EUROPEAN UNION foreign policy chief Javier Solana embarks on a Mideast charm offensive Monday to calm protests over controversial Prophet Mohammad cartoons, and to limit the diplomatic fallout from the row.
The shock Hamas victory in Palestinian elections will also doubtless be high on the agenda during the four-day, five-stop trip which will take him to Saudi Arabia, Egypt, Jordan, the Palestinian territories and Israel.
Commentators say the cartoons row could not have come at a worse time, set against turmoil in the Middle East peace process and escalation of the Iran nuclear crisis, with some suggesting the protests could be linked.
“He will be meeting leading figures of the Arab and Islamic worlds for talks aimed at promoting dialogue and restoring further relations of friendship and mutual respect between Europe and the Islamic world,” Solana’s office said.
The cartoon row, sparked by the publication last September of the controversial drawings in a Danish newspaper including one with a turban shaped as a bomb, pits Europe’s defence of free speech against Muslims who see them as insulting.
The publication, repeated by newspapers in a number of European countries, sparked protests across the Muslim world over the last two weeks, including several which turned violent.
While the protests have largely calmed down, the diplomatic consequences remain unclear.
During the trip starting in Riyadh, Solana will meet Saudi King Abdullah, Organisation of the Islamic Conference chief Ekmeleddin Ihsanoglu, Egypt’s Hosni Mubarak, Arab League head Amr Musa, King Abdullah as well as Palestinian leader Mahmoud Abbas and Israeli Foreign Minister Tzipi Livni.
Solana’s main aim will be to listen to protests about the cartoons, while trying to explain Europe’s position as uncontroversially as possible. But it is clear that the tension generated by the dispute between Europe and the Muslim world does not help the Europeans’ position at a crunch time on key diplomatic fronts in the region.
Aides confirmed that Solana will talk with Abbas and Livni about the Mideast peace process, clouded by Hamas’ ballot win as well as Israeli Prime Minister Ariel Sharon’s incapacitation and the power vacuum it leaves until March polls.
The EU, the biggest provider of funds to the Palestinians, also vowed to continue that support â€” but only so long as Hamas renounces violence and recognises the state of Israel.
The 25-nation bloc is clinging to the hope that Hamas will change its ways, and Solana will be keen to try to prevent the cartoon row tipping the organisation’s balance in the wrong direction as it forms a new government.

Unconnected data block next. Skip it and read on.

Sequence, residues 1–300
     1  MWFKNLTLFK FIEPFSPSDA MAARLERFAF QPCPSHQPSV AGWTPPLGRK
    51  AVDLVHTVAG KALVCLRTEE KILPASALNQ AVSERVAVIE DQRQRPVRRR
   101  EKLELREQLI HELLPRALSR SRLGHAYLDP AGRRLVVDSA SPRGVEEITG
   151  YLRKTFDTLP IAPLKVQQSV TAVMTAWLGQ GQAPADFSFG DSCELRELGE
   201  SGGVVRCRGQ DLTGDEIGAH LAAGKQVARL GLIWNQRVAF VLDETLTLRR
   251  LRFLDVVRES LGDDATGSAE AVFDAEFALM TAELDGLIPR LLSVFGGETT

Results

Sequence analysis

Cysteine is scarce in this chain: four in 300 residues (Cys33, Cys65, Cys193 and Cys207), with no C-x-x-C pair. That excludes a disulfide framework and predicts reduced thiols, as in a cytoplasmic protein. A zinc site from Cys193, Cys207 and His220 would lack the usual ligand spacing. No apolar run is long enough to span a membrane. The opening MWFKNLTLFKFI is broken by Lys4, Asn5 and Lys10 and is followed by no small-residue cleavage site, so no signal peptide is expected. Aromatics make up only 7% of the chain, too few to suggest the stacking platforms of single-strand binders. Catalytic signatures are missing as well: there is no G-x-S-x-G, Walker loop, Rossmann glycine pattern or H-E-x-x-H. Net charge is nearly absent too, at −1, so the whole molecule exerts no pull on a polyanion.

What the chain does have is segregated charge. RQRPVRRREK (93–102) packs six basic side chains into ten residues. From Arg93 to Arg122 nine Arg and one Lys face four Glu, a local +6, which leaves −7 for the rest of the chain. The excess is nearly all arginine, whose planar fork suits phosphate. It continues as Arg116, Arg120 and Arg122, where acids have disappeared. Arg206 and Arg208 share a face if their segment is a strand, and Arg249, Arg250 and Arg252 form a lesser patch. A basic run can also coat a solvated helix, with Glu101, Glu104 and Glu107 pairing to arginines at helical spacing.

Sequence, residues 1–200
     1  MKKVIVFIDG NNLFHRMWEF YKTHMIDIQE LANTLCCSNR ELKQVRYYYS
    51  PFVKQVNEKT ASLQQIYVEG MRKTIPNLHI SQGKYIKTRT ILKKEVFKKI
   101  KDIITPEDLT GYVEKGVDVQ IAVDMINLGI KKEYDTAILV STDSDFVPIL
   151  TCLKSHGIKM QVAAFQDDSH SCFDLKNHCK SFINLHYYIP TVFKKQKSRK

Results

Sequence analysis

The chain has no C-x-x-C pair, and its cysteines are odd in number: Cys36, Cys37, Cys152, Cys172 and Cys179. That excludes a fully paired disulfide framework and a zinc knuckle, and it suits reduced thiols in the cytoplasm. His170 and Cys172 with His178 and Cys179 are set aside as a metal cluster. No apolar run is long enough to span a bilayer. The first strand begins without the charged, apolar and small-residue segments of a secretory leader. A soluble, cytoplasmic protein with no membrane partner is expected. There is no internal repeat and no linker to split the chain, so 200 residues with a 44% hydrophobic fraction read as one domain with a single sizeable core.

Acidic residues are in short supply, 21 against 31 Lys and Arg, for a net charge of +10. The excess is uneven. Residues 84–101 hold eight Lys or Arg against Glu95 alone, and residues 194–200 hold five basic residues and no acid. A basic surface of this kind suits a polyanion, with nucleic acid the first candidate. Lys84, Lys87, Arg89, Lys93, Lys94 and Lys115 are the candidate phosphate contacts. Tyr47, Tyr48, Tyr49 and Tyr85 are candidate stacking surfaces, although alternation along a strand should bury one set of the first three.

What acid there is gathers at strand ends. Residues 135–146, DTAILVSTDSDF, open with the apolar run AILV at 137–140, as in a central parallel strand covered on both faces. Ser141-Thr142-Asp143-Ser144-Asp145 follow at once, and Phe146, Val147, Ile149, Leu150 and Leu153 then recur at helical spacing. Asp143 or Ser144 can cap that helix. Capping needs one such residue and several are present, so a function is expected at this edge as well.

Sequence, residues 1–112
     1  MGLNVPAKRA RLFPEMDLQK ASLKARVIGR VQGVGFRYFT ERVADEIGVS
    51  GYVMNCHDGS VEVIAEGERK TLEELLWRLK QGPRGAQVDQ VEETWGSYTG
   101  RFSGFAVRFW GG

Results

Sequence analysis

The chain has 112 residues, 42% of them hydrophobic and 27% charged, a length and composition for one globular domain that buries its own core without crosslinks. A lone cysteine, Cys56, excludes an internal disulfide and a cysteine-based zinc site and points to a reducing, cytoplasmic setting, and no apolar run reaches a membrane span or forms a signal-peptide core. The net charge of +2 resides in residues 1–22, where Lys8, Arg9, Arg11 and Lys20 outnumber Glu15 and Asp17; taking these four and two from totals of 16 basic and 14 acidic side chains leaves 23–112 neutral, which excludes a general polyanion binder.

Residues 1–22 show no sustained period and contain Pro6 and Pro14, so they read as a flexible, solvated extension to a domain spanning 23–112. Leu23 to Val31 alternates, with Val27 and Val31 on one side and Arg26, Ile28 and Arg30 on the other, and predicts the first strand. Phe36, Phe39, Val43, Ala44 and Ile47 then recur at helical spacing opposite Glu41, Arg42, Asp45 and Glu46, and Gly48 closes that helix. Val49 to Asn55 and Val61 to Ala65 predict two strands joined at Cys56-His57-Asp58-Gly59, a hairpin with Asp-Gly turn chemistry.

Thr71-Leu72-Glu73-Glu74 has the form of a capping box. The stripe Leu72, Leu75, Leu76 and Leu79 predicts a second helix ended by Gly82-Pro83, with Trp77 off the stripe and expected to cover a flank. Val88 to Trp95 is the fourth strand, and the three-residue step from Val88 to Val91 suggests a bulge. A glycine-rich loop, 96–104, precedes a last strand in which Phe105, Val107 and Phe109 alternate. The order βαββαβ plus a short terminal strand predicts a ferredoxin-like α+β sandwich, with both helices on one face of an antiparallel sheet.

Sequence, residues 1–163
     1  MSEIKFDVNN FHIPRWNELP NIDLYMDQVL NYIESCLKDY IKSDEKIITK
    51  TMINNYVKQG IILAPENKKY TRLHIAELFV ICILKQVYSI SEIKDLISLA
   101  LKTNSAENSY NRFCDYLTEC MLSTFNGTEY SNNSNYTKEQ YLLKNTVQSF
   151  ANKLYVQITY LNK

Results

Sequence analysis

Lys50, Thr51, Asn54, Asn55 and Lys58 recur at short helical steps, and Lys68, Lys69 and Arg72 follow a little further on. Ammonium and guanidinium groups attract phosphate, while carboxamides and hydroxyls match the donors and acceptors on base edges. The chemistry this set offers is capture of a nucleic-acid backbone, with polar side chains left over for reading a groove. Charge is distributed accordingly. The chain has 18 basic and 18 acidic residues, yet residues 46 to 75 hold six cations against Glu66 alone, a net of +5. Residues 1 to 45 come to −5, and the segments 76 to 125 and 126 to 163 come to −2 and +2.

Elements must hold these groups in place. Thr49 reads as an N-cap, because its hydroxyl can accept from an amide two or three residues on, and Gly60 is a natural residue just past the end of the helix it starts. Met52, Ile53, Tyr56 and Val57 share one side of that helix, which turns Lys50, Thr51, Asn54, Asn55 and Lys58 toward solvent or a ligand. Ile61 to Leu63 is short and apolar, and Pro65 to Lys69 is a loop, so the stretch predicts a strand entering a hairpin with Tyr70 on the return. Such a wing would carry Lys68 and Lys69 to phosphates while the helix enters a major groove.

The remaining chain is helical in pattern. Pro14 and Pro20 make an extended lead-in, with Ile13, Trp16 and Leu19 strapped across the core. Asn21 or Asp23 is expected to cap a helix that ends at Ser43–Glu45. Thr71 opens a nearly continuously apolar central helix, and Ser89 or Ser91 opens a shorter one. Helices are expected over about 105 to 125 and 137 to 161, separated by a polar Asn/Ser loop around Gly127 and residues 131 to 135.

While not formally on the agenda, Iran will no doubt be on everyone’s minds in Solana’s talks this week.
The EU last month agreed to refer Tehran to the UN Security Council over its nuclear plans, which the United States claims conceal efforts to develop atomic weapons.
That crisis is also delicately balanced, with international efforts striving to avoid further deterioration in the confrontation with Tehran. Again, the cartoon row has only fuelled the tension.
The three issues â€” cartoons, Hamas and Iran â€” could even be linked: There have been suggestions that either Hamas or Tehran or both have fuelled Muslim protests over the drawings as a way of rallying support for their own causes.
Iran on Sunday rejected US and Danish accusations that it has inflamed and encouraged violent protests over the caricatures.
Iran was responding to comments by US Secretary of State Condoleezza Rice, who said last week: “It is well known that Iran and Syria bring protesters into the streets when they wish to make a point.”
Foreign ministry spokesman Hamid Reza Asefi singled out Rice’s comments and also said Denmark should apologise to help calm the furor.
“What happened was a natural reaction. Rice and Danish officials should apologise. Such comments could worsen the situation and an apology could alleviate the tension,” Asefi said.
He spoke a day before one of Iran’s largest newspapers was to open a contest seeking caricatures of the Holocaust. Hamshahri newspaper said it wanted to test whether the West extends its principle of freedom of expression to the Nazi genocide as it did to the caricatures of the prophet.